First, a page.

What is Emotional Intelligence?
Many professional fields such as psychology, business, management, leadership, and coaching are familiar with concepts of emotional intelligence. Emotionally intelligence includes several components such as self-awareness, self-management, and social and relational awareness. Specifically, individuals who have high levels of emotional intelligence are thought to be able to understand theirs and others’ emotions, regulate their emotional reactions, connect to others emotionally, and use non-verbal communication effectively.
Why is Emotional Intelligence Critical?
Emotional awareness is critical for understanding the impact of our decisions. Our brains are physically set up to integrate emotions into how we process information and make decisions. The brain’s limbic system is involved in processing, integrating, and regulating emotions. Being emotionally intelligent allows us to avoid making decisions impulsively and weigh the short- and long-term consequences of our decisions on ourselves and others.
Appropriately emotionally expressive individuals allow others to feel comfortable around them as we tend to feel connected to others we can “read.” Additionally, individuals who are emotional predictable and stable often inspire trust as do traits of genuineness, because we assume that they are honest in their emotional expression. Emotionally intelligent leaders and supervisors make us feel good about ourselves and help us feel cared for. Teachers who have good relationships with their students are able to motivate, challenge, and have high expectations for them, all while students feel cared about and respected. We are more likely to work harder for supervisors who possess these traits than those who do not.
Why Don’t We Teach it in Schools?
Some K-12 cirricula does teach emotional regulation skills, however these skills are certainly not taught to the same level as are math, science, and reading, though perhaps they should be. Culturally, we often expect appropriate emotional expressiveness and regulation skills in children to “just happen” which is an unfair expectation, especially for children who struggle socially. Children and adults who struggle with these skills are often socially ostracized from their peers which is damaging and has long term psychological consequences including low self-esteem, confidence issues, anxiety, depression, and problematic interpersonal relationships. We often view children who have emotional and behavioral issues as being “the problem” as opposed to recognizing that social and emotional development (similar to academic development) can be viewed as possessing certain social and emotional skills. Utilizing this lens can help parents and teachers assist struggling children in helping them building socio-emotional skills that help them work with potential social deficits. Children can also feel good in knowing that some socio-emotional skills can be learned. Parents can help children learn how to recognize their own feelings and the feelings of others by validating kids when they discuss their emotions and creating space to have discussions about feelings. Finally, parents can also model talking about their own feelings with their children in developmentally appropriate ways.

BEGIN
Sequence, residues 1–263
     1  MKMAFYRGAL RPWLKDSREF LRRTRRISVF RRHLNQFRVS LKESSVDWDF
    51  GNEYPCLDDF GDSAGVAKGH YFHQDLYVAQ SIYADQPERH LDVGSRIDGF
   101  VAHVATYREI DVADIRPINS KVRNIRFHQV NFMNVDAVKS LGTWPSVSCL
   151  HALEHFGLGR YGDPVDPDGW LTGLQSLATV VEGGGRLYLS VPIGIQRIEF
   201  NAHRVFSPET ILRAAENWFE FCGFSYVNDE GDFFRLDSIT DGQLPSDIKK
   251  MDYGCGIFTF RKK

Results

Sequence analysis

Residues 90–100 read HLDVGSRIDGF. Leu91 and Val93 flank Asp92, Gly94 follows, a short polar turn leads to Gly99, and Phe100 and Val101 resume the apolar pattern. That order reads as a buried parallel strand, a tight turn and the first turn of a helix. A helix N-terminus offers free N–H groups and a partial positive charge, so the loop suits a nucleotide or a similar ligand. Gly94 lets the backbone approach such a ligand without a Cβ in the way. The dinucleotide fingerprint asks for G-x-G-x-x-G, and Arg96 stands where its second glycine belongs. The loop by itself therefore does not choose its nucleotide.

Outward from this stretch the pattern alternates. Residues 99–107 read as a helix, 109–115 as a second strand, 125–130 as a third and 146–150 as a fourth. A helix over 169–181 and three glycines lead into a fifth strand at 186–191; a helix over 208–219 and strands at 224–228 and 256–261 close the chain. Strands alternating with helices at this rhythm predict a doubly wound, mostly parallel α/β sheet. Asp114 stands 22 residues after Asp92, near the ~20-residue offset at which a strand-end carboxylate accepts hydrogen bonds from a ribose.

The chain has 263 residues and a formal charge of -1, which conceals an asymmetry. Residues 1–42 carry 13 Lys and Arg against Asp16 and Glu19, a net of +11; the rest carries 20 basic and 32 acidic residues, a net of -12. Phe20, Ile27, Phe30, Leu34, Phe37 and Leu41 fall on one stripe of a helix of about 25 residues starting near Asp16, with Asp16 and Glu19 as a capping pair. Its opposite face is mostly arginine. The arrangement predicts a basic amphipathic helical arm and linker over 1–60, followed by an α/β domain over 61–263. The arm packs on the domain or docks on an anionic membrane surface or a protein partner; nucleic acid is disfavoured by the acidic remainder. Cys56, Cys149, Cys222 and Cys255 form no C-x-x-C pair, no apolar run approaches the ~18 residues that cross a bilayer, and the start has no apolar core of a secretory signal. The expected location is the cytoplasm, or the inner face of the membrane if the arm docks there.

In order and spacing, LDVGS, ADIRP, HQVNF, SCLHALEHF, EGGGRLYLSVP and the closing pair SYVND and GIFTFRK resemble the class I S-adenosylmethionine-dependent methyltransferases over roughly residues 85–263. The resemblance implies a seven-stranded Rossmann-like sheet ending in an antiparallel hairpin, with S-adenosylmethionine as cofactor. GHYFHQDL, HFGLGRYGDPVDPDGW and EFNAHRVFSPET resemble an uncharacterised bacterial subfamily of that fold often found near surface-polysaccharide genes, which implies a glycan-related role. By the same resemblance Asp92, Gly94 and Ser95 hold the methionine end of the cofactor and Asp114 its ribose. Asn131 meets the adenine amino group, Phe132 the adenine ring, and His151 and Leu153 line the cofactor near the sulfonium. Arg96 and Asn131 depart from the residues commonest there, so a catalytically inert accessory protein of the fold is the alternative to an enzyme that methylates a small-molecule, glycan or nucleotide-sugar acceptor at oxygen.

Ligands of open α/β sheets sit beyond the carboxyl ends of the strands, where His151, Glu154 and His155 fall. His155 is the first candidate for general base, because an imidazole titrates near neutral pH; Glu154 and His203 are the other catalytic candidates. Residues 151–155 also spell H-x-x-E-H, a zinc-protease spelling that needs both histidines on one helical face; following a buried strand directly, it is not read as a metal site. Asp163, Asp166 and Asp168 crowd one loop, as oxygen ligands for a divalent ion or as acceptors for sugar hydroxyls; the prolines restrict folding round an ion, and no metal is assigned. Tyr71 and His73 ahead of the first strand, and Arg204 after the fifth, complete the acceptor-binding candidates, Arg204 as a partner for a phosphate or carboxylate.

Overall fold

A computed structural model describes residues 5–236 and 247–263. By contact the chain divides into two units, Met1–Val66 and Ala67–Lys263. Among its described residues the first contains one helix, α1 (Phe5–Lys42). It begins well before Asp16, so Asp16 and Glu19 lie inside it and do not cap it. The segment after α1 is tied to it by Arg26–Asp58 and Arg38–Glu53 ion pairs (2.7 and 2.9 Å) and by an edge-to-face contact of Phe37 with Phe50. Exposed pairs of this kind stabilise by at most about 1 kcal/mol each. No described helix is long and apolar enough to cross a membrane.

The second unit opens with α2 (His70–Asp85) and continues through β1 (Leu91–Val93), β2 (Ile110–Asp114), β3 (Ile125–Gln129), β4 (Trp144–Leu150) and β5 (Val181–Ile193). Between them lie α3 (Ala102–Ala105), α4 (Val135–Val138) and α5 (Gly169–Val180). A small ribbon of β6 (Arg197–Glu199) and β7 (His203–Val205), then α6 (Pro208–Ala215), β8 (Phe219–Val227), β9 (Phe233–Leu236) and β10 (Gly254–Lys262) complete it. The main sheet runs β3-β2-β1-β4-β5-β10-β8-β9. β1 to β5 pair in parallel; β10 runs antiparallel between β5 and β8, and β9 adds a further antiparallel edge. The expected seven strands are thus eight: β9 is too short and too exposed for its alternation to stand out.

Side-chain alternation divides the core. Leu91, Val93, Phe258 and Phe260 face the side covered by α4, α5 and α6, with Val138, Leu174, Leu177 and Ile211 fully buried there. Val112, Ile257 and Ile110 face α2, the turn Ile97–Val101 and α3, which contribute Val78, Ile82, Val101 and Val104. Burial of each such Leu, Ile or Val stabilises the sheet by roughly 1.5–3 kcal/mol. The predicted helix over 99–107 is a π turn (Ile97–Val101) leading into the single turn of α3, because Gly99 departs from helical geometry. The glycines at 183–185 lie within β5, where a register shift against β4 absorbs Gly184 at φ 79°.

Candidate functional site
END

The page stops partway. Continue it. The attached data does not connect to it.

How can you Increase your Emotional Intelligence?
Emotional intelligence experts recommend numerous ways to increase your emotional intelligence. A few ways include:
- Practice self-observation of your own feelings
- Pay attention to how you behave
- Process your own feelings for greater understanding
- Try to understand others’ feelings
- Take responsibility for your own emotions
- Put yourself in someone else’s emotional shoes (empathy)
- Balance out positive and negative points of view
- Understand what motivates you and others
- Explore and try to understand multiple viewpoints
- Try to objectively look at yourself
- Understand your own (and others) strengths and weaknesses
In short, emotional intelligence is a set of life-long skills that continue to develop over time. It is important to be mindful of your own and others’ feelings and work on the continual development of this important awareness and skills. Emotionally intelligent people convey a consistent sense of caring to others.